Etowah Indian Mounds

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Etowah Indian Mounds are a 54acre archaeological site in Bartow County, Georgia south of Cartersville, in the United States. Built and occupied in three phases, from 1000–1550 CE, the prehistoric site is located on the north shore of the Etowah River. Etowah Indian Mounds Historic Site is a designated National Historic Landmark, managed by the Georgia Department of Natural Resources. It is the most intact Mississippian culture site in the Southeastern United States.HistoryIn the 19th century, European-American settlers mistakenly believed that the mounds had been built by the Cherokee, who then occupied the region; however, the Iroquoian-speaking tribe did not reach this part of Georgia until the late 18th century and could not have built the mounds.Late 20th-century studies showed the mounds were built and occupied by prehistoric indigenous peoples of the South Appalachian Mississippian culture (a regional variation of the Mississippian culture) of eastern North America. They were ancestors of the historic Muskogean language-speaking Muscogee (Creek) people who later emerged in the area. Etowah is a Muskogee word derived from italwa meaning "town". The federally recognized Muscogee (Creek) Nation and Poarch Band of Creek Indians consider Etalwa to be their most important ancestral town. From 1000–1550 CE, Etowah was occupied by a series of cycling chiefdoms (see Coosa confederacy) over the course of five and a half centuries.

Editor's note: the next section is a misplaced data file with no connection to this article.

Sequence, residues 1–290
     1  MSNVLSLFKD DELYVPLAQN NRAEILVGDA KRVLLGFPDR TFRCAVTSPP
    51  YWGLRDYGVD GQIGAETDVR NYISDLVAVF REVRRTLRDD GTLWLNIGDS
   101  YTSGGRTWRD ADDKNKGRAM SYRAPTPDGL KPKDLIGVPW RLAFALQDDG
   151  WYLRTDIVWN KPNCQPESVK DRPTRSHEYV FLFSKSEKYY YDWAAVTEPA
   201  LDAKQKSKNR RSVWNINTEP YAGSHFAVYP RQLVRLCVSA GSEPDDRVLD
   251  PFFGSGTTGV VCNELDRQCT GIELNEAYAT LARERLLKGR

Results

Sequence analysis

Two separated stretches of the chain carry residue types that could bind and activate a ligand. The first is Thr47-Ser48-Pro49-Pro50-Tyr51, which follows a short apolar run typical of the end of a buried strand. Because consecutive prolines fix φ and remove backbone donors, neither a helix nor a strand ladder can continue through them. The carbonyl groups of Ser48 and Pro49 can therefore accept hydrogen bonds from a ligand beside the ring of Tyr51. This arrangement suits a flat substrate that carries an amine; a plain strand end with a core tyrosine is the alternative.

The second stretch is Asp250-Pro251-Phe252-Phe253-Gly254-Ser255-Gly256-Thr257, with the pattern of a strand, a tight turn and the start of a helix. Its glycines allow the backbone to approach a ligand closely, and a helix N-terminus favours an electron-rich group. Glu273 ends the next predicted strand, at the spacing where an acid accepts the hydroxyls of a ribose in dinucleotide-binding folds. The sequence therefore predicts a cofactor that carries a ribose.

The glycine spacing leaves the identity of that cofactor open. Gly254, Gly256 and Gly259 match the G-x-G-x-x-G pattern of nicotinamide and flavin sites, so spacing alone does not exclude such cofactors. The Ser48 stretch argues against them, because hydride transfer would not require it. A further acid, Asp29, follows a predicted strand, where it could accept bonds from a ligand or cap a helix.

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813 Indian Mound Rd SE
Cartersville, GA
30120

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